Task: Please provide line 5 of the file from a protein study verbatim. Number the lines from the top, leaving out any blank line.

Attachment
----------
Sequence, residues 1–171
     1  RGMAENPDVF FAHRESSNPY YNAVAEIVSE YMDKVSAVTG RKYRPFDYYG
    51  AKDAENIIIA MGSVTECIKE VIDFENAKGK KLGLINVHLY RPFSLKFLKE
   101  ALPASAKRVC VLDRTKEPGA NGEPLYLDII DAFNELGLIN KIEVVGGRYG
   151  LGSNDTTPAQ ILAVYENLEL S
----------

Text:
   151  LGSNDTTPAQ ILAVYENLEL S